ז) וְלָקְחוּ מִן הַדָּם וְנָתְנוּ עַל שְׁתֵּי הַמְּזוּזֹת וְעַל הַמַּשְׁקוֹף עַל הַבָּתִּים אֲשֶׁר יֹאכְלח) וְאָכְלוּ אֶת הַבָּשָׂר בַּלַּיְלָה הַזֶּה צְלִי אֵשׁ וּמַצּוֹת עַל מְרֹרִים “And they should take from the blood, and place it on the doorposts and lintels of the home where they will be eating. And they will eat the meat on this night, roasted on the fire, with matzas and bitter herbs.”
It’s also notable that before they eat the Pascal lamb, they had to circumcise en masse, for we have a tradition that all the Children of Israel with the exception of the tribe of Levi did not perform bris milah in Egypt. But the rule is that males must be circumcised to partake of the Pascal lamb, therefore there were a large number of circumcisions taking place at least three days beforehand.
So again, in Nisan of the year of the exodus, 2448, we have the following sequence of events:
Bris Milah of the nation- ~Nisan 12
Matza on the eve of the 15th
The Destruction of Egypt. For not only were their firstborn killed, their idols and temples crumbled as well.
Now, let’s fast forward 40 years to when Joshua brings the nation into the land of Israel.
The Jews crossed the Jordan river on the 10th of Nisan, 2488 (Joshua 5):
ב) בָּעֵת הַהִיא אָמַר יְדוָד אֶל יְהוֹשֻׁעַ עֲשֵׂה לְךָ חַרְבוֹת צֻרִים וְשׁוּב מֹל אֶת בְּנֵי יִשְׂרָאֵג) וַיַּעַשׂ לוֹ יְהוֹשֻׁעַ חַרְבוֹת צֻרִים וַיָּמָל אֶת בְּנֵי יִשְׂרָאֵל אֶל גִּבְעַת “And it was at that time, God said to Joshua, ‘make sharp flints and go circumcise the Children of Israel a second time’…”
י) וַיַּחֲנוּ בְנֵי יִשְׂרָאֵל בַּגִּלְגָּל וַיַּעֲשׂוּ אֶת הַפֶּסַח בְּאַרְבָּעָה עָשָׂר יוֹם לַחֹדֶשׁ בָּעֶרֶב בְיא) וַיֹּאכְלוּ מֵעֲבוּר הָאָרֶץ מִמָּחֳרַת הַפֶּסַח מַצּוֹת וְקָלוּי בְּעֶצֶם הַי“And the Children of Israel encamped in Gilgal and they offered the Pascal lamb on the 14th of the month. And they ate from the fruit of the Land, matzas and roasted barley on this very day.”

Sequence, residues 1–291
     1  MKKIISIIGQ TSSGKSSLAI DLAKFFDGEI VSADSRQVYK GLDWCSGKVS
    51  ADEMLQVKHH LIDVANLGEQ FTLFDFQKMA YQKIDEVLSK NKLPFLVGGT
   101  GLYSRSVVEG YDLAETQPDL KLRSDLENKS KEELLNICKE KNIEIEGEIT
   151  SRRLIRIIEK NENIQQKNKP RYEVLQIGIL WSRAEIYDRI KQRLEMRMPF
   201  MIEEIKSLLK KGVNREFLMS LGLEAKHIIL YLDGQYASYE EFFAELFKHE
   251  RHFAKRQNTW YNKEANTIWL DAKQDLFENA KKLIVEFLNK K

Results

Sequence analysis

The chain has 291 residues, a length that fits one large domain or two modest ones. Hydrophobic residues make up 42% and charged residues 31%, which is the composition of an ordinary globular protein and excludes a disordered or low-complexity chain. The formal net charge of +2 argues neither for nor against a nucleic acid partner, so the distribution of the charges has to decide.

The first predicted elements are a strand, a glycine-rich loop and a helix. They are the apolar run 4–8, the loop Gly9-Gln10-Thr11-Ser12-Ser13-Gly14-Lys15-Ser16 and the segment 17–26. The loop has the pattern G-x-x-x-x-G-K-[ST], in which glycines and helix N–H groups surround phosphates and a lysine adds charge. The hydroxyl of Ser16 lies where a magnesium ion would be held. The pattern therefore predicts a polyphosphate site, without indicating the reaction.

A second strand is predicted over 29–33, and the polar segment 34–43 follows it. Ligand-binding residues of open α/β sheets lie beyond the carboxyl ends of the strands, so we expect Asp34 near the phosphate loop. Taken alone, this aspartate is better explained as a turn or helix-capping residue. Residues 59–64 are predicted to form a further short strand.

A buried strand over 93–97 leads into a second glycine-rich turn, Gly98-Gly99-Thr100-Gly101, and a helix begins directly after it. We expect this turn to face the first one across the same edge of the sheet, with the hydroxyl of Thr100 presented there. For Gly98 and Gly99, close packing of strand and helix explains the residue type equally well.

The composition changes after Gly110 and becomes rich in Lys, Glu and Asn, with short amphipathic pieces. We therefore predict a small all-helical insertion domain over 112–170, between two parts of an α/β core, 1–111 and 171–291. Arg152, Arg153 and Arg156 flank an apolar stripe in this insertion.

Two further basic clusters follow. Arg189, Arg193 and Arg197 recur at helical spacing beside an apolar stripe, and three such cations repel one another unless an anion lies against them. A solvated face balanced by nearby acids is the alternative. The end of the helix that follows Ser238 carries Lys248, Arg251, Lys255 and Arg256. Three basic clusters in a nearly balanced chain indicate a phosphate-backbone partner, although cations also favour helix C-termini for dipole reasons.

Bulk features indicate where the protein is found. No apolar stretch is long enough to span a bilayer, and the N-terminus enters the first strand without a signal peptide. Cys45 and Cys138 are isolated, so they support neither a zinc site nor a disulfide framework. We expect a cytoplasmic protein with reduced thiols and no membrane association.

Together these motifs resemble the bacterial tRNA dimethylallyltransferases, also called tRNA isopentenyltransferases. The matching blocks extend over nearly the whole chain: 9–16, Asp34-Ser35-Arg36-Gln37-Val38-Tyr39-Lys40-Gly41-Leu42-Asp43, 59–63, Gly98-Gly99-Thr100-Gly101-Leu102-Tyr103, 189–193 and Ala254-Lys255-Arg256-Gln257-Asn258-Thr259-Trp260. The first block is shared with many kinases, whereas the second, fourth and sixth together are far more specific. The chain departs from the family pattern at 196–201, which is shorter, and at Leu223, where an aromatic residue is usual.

Under Joshua’s reign we also see the same order of events:
Milah en masse- ~12 Nisan
Eating matzas – eve of the 15th of Nisan
The destruction of Jericho
Why is this night different than all other nights? It’s because of the essence of Nisan (our current Jewish month). It is a spiritual time of purification and cleansing.
It’s when the Abraham and the Jewish men began to elevate and dedicate their bodies through circumcision.
It’s when Lot and the Children of Israel (during Moses’ and Joshua’s times) partook of matzah, a food that represents simplicity and humility to further bring spirituality inside themselves.
It’s also when Sodom, Egypt, and Jericho are destroyed, representing the downfall of the arrogant.
So yes, indeed, matza is a remembrance of the Exodus, but it is also a spiritually elevating food. A food corresponding to a time of spiritual renewal and cleansing.
I’m confident all the men at MHJC are well circumcised, therefore, no mass circumcisions for us.  We’ll be having matzas soon, so we await the third part of this purification process: the downfall of tyranny. Then there will be peace for the Ukrainians and for all people worldwide, Amen.
Wishing you an uplifting, joyous and meaningful Passover,
R’ Neil, Judy and Family